Almost every hands-on job requires the use of a trailer to haul supplies, materials, equipment or commodities at some point or another. Carpenters haul lumber and demolition waste, farmers haul feed, veterinarians haul livestock equipment, welder/fabrication shops pick up and deliver products, mechanics trailer cars, grounds keepers haul bark mulch, homeowners carry yard waste or compost, and the possibilities go on.
The challenge is that workers with arm, shoulder, back or leg impairments have difficulty hitching and unhitching trailers from vehicles. Workers with torn rotator cuff injuries can not crank a manual jack, workers with back impairments can not lift or “man-handle” smaller trailers onto the ball hitch, workers with leg impairments such as paralysis, stroke or amputation can not easily walk from the driver seat to the ball hitch. Thankfully, there are many tools available to help workers with disabilities to hitch trailers.
An electrical 12V trailer jack stand enables a worker with arm or back impairment to effortlessly raise and lower his trailer. When hitching or unhitching a standard trailer, the worker must either lift the trailer hitch off the ball, or manually crank a handle. The 12V implement jack can raise or lower a trailer in 30 seconds, up to 18 inch stroke and 3500 pounds. Great for farmers, construction workers, groundskeepers, and anyone who needs to hitch a trailer.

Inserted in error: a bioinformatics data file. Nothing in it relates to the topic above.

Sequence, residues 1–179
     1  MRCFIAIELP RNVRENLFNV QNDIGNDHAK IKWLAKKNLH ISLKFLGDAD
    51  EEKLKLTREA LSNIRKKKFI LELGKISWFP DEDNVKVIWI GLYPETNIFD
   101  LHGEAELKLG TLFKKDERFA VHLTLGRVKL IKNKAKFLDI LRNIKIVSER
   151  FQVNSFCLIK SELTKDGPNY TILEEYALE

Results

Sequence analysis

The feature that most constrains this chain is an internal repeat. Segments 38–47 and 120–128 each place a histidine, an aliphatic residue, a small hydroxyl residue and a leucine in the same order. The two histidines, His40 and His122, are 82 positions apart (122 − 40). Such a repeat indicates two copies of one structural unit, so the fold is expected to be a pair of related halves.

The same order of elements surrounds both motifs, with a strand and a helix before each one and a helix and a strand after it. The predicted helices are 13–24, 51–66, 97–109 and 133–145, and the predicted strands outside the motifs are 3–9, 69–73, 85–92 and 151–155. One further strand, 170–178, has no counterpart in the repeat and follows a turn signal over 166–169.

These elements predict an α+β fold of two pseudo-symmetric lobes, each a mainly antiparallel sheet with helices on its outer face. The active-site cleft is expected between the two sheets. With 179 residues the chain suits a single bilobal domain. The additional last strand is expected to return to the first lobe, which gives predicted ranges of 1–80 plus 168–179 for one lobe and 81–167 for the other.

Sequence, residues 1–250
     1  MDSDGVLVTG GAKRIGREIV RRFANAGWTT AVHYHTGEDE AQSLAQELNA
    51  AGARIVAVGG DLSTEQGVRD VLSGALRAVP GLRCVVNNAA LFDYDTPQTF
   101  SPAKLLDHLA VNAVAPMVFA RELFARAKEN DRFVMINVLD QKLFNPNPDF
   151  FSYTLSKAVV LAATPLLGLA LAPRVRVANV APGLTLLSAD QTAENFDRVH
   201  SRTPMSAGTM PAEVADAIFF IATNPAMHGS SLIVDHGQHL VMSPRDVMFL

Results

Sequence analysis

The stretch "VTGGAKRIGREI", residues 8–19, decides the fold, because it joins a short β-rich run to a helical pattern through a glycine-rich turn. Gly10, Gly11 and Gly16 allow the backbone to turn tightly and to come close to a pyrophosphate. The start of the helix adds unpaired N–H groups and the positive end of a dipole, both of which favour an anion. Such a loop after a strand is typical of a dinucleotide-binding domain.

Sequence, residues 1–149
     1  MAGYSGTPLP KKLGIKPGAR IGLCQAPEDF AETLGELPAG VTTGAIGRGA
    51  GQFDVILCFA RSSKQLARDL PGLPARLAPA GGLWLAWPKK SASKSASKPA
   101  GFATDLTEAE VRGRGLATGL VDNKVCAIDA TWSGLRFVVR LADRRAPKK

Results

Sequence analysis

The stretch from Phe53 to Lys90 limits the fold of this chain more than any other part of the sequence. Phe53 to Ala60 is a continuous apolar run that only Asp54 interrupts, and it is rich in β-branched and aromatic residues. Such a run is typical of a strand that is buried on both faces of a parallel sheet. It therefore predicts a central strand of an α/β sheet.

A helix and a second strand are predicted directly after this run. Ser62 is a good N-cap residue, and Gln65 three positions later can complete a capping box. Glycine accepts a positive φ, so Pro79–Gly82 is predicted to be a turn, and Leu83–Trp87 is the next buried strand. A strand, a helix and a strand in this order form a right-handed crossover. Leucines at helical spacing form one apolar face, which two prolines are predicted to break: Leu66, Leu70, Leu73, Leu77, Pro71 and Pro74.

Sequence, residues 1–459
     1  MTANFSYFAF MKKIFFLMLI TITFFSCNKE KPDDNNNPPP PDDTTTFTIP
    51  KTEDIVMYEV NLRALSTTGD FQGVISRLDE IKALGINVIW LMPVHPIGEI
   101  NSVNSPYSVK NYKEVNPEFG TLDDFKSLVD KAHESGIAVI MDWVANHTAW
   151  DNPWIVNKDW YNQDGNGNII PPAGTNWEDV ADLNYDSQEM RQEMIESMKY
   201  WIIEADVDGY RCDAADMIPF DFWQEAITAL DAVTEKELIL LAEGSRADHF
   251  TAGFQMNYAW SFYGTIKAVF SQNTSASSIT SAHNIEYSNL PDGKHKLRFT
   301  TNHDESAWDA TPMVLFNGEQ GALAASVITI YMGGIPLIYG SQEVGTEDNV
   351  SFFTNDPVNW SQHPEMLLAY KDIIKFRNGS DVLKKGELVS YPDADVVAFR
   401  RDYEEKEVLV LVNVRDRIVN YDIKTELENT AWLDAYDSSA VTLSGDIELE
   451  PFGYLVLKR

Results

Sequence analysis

A worker with difficulty climbing can hitch a trailer to his truck on the first try. As the truck backs into the trailer, the ball hitch guide pushes the trailer sideways so it is directly above the ball when the truck stops. The worker then lowers the trailer onto the ball and is hitched. Without a guide, he may need to climb out of his truck three or four times before the trailer is properly aligned with the ball.
The Flexpoint Tractor Ball Hitch System will allow the worker to hitch and unhitch the trailers without ever leaving the driver seat, thus making it possible for them to complete the necessary task. Functional limitation served: Leg and mobility impairments. Never leave the driver seat to move trailers around the farm, landscape or construction site, yard, marina or truck yard by using a tractor 3-point hitch.
Moving trailers around a worksite requires backing a truck accurately to the trailer ball hitch. Then the worker must climb out of the driver seat and walk to the back of the truck to check if the ball hitch is properly aligned. If it is not, it is back to the driver seat to adjust. When hitching and unhitching numerous times per day as may be necessary on a construction worksite, farm, landscaping job, boat marina, etc… a person with leg or mobility impairment would have a very difficult and tiring job climbing in and out of the driver seat.